Oil continues its mighty ascent as Kuwait strike helps shake off Doha disappointment

 
Jake Cordell
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Saudi Arabia tried to force Iran's hand at a meeting of the Organisation of the Petroleum Exporting Countries (Opec) in Doha on Sunday
Saudi Arabia tried to force Iran's hand at a meeting of the Organisation of the Petroleum Exporting Countries (Opec) in Doha on Sunday (Source: Getty)

Oil is proving to be not so slippery after all this week, as the benchmark commodity extended yesterday’s gains to climb even further above $40 (£27.90) a barrel this morning.

Brent Crude is now trading at $43.26, up 0.82 per cent and back to levels seen last Friday before the weekend’s shenanigans in Doha, where the world’s largest oil producers failed to agree on a plan to freeze production.

When markets opened on Monday, oil slid by seven per cent as they weighed the disappointing news from Doha. But the plunge was short-lived, as the price picked back up throughout yesterday and has continued its ascent this morning.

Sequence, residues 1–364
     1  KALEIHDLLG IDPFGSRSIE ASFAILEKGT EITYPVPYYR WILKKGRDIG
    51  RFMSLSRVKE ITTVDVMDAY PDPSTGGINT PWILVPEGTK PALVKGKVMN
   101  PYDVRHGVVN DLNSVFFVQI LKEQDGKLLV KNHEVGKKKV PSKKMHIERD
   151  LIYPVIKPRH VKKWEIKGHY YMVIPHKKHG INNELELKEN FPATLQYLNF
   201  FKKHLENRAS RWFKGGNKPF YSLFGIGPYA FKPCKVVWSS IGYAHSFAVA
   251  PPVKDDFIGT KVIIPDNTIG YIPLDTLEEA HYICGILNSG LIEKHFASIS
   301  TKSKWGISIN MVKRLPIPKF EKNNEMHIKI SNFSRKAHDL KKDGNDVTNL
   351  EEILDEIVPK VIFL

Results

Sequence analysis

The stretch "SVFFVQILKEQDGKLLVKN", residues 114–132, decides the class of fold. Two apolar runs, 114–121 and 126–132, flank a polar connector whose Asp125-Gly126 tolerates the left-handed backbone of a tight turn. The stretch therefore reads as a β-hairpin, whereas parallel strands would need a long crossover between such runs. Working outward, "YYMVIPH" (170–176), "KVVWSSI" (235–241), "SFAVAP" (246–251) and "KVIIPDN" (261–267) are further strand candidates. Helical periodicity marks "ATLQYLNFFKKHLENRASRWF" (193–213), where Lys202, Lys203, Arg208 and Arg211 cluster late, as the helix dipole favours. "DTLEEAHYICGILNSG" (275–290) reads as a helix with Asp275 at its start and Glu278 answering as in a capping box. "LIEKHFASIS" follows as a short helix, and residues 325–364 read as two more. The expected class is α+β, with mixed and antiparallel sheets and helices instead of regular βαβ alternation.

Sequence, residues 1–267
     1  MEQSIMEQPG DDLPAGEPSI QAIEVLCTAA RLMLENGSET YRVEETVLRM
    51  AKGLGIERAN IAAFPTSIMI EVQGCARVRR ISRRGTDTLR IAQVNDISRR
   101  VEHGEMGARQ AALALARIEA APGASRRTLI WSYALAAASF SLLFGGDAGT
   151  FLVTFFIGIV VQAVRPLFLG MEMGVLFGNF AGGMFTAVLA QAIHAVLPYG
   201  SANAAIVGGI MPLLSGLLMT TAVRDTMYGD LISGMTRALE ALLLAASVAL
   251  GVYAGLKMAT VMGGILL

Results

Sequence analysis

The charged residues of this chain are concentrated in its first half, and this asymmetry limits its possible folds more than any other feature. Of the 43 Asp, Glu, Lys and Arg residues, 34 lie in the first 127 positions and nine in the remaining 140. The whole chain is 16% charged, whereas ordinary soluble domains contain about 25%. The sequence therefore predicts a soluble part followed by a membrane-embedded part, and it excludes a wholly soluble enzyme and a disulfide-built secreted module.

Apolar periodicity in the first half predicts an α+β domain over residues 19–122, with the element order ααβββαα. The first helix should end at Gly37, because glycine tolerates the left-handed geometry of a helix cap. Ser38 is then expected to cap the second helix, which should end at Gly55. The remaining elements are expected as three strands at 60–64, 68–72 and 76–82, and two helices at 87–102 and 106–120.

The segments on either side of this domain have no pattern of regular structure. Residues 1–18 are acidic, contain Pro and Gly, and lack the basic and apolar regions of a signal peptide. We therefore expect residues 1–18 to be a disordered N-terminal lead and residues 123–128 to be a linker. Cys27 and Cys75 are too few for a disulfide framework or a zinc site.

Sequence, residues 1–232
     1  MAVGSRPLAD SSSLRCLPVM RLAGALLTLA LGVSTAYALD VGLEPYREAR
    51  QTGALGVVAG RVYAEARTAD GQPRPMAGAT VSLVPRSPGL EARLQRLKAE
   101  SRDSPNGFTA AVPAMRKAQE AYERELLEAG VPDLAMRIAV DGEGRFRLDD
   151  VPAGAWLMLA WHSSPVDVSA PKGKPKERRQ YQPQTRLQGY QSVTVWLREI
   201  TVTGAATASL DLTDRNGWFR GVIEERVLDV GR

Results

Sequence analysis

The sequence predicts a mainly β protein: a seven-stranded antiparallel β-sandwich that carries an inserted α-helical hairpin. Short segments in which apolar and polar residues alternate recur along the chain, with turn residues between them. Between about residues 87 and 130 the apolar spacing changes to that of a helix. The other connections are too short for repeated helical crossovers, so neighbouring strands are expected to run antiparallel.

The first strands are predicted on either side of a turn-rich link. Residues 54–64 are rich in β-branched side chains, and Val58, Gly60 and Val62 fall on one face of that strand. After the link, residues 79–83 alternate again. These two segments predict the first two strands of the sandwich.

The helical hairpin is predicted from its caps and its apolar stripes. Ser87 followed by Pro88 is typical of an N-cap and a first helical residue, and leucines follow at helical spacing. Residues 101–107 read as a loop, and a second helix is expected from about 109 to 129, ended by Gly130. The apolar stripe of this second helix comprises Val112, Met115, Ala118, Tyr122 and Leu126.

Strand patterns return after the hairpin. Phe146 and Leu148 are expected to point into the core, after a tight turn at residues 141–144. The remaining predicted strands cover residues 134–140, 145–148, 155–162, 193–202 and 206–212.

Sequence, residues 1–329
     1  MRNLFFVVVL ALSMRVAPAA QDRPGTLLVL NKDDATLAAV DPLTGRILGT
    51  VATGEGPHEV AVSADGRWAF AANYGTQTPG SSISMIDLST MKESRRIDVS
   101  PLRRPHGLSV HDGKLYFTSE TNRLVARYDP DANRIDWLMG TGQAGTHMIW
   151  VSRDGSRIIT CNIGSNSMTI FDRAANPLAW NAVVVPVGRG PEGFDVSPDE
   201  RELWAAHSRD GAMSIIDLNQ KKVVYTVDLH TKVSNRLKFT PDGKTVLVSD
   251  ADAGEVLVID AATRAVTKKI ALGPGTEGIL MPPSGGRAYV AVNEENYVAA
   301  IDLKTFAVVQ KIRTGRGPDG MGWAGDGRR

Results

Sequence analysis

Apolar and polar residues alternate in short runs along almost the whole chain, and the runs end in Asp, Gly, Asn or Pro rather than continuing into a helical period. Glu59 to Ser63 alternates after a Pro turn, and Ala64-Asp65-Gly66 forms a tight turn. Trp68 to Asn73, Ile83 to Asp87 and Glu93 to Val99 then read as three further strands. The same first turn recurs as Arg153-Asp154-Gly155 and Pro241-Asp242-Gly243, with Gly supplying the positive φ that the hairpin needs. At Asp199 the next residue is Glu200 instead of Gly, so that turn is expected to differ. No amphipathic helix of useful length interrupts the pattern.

Read more: Has Opec lost its credibility?

"The fall-out from the inconclusive Opec meeting in Doha was significantly more muted than most had thought. Yesterday the markets took the news in their stride," said David Buik, market commentator at Panmure Gordon.

The politicians may have been unable to strike a deal, but matters were taken out of their hands to some extent as a strike by oil workers in Kuwait wiped out more than 60 per cent of the country’s production.

The small gulf nation pumped an average of 2.8 million barrels of the black stuff a day in March, but that fell to 1.1 million over the weekend - putting a big dent in the worldwide supply glut and helping to prop up the price of oil.

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